My plane landed early at Fiumicino. The ordeal of travel ended fairly easily after that, as the driver sent to bring me to the Paulist Residence at Santa Susanna quickly made it into the City through streets empty of rush-hour traffic on this chilly, beautiful, holiday morning. Tired and out-of-sorts from lack of sleep and hungry from the long flight, I shut out the light (on this the great festival of light!) and went to bed, not really sleeping but at least at ease. Then I awoke to the mundane business of trying to figure out where to go for my first class this coming Monday - and to the happy announcement that there will be a Consistory here in Rome next month, at which (among others) Archbishop Timothy Dolan of New York will be created a cardinal of the Holy Roman Church.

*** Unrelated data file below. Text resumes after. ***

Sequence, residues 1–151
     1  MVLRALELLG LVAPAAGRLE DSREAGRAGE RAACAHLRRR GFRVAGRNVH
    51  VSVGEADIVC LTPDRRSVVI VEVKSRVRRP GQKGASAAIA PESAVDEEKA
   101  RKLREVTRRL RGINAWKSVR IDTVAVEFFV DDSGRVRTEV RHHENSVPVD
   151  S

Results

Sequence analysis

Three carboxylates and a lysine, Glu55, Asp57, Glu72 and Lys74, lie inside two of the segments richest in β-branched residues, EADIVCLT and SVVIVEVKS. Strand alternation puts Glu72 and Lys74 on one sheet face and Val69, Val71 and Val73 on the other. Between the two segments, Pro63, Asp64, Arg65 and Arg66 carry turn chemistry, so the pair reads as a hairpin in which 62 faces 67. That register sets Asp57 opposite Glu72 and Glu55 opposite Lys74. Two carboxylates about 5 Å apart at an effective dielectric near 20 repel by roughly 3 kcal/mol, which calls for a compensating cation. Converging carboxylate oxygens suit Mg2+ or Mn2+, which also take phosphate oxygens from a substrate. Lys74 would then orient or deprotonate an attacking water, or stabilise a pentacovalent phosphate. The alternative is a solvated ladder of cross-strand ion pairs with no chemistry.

At home in the US, the Epiphany is increasingly little-noted. It hardly helps that in recent decades we have been relocating it to Sunday - liturgically comparable, I suppose, to the curious practice of so many of our once-serious secular holidays now being moved for convenience to Mondays. In many public paces in the US, the decorations are down already and "the holidays" are unambiguously over. In many homes, however, a kind of folk-memory persists that keeps the Christmas Tree up and the lights on until January 6, whether with or without much consciousness of the original significance of the 6th. At least here, La Befana still comes bringing gifts. As long as her generosity perdures, Epiphany will endure!